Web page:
- Fantasy Basho
Nagoya 2022 Day Twelve
Public League Leaderboard
Yokozuna East Terunofuji
Maegashira #2 West Ichinojo
Ozeki #1 East Takakeisho
Ozeki #2 West Shodai
Maegashira #6 West Tobizaru
Maegashira #8 West Nishikigi
Maegashira #14 East Myogiryu
Maegashira #17 East Nishikifuji
Sotogake. Terutsuyoshi really wanted a fourth straight leg pick, but Sadanoumi blew that up. Then after Sadanoumi got a grip, he decided to mess with Terutsuyoshi's legs by unleashing an "outside leg trip."
Match of the Day
Maegashira #6 West Tobizaru versus Maegashira #2 West Ichinojo.
In what may be the styles-clash of the tournament, each man's objective was clear. Tobizaru wanted to avoid a grip from the bigger Ichinojo, while Ichinojo wanted to keep the quicker Tobizaru in front. They both achieved their initial goal, but it proved that Ichinojo is in good form. Ichinojo moved nimbly enough to get a grip at one point, which moved Tobizaru back. Tobizaru did slip out for a second, but he still got pushed out due to overwhelming momentum.
The basho proceeds with another heya kyujo due to COVID, but Asakayama stable has no Makuuchi rikishi. Juryo man Kaiyo is out, and another stable could need to pull out. Yet Makuuchi seemed somewhat normal. No one had a fusen win, and the matchups went as planned. That was a good thing, because the usual informal playoff that happens towards the end of a sumo basho has begun.
Many rikishi fell down the leaderboard. Nishikifuji was pulled aside and then down by Tochinoshin, who proved a veteran who can keep his feet is one of the toughest opponents. Ichinojo let Tobizaru bounce himself around and out. Takakeisho knocked off Nishikigi. Nishikigi was game, but Takakeisho kept pushing and never allowed Nishikigi to do his sumo. The top Ozeki is now one off the leaders, and Nishikigi joins Nishikifuji, Tobizaru, and Myogiryu as the Maegashira at 8 wins. They are now two back from Terunofuji and Ichinojo, who continue to maintain their lead.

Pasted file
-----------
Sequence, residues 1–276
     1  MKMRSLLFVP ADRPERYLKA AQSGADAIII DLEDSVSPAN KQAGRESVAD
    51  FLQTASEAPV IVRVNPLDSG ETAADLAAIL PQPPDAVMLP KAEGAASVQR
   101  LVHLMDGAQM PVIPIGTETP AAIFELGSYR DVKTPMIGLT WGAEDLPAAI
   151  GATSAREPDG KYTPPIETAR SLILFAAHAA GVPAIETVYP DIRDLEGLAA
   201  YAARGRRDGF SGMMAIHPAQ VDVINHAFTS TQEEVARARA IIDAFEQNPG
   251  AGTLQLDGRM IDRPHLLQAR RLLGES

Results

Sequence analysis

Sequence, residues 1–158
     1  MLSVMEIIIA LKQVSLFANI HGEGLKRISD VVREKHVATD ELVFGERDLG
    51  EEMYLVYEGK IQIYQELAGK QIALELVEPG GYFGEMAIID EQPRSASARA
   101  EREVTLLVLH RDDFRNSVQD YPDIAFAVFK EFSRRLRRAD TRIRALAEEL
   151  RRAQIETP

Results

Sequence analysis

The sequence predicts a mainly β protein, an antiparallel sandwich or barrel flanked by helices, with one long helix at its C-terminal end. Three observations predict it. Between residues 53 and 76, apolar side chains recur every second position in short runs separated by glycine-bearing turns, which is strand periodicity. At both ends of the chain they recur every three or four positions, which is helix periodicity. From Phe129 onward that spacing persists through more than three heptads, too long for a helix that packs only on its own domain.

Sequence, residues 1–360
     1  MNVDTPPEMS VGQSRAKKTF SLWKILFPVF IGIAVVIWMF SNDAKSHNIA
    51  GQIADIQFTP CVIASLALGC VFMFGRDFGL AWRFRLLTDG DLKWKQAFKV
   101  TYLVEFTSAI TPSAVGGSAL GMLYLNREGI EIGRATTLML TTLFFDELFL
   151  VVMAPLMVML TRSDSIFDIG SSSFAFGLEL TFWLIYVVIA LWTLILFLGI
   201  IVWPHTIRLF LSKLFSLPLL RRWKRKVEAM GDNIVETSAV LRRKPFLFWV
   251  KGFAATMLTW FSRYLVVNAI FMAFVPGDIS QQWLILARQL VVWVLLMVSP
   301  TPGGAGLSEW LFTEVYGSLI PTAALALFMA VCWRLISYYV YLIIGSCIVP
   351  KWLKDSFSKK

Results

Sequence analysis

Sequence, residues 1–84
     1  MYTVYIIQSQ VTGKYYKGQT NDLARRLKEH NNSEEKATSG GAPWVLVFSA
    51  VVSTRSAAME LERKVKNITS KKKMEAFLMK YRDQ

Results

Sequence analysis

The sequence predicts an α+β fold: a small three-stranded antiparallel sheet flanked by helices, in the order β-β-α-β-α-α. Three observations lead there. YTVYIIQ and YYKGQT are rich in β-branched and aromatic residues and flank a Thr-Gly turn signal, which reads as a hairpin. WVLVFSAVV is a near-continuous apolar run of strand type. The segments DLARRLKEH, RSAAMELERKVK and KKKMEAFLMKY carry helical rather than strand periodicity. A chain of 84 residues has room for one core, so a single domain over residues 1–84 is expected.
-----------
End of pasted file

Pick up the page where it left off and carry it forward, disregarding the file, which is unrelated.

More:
Also on 8 wins is Shodai. The significant thing for Shodai personally is that he has cleared Kadoban and will once again be an Ozeki in September. He also has an outside shot at the yusho. He gets Takakeisho on Day Thirteen, and then presumably Terunofuji on Day Fourteen. He's faced Ichinojo already, so his final match is probably Wakatakakage. That's as tough a final trio of matches as anyone may have, but Shodai has been fighting very well for a week. He has, in fact, won seven straight.
The favorite is still Terunofuji, because a Yokozuna should probably always be the favorite. He has also been impressive enough to win consistently, although every time he moves laterally he seems pained. Terunofuji is too big, too strong, and too smart for most rikishi. Even when he gets beat at the tachiai or doesn't have the grip he wants, Terunofuji can pull out a win. He will see Wakatakakage on Day Thirteen, probably followed by Shodai and then Takakeisho.
That last match is what can make this basho end with a bang. If Terunofuji, Ichinojo, and Takakeisho all win their next two matches, Day Fifteen could set up that Takakeisho can pull Terunofuji down to his level in a final match. An Ichinojo loss at any time makes a playoff a much more live option. Then if Shodai wreaks havoc, the playoff gets more likely. Even if Terunofuji wins out, he has to win against the strongest opponents. That's pretty good, too.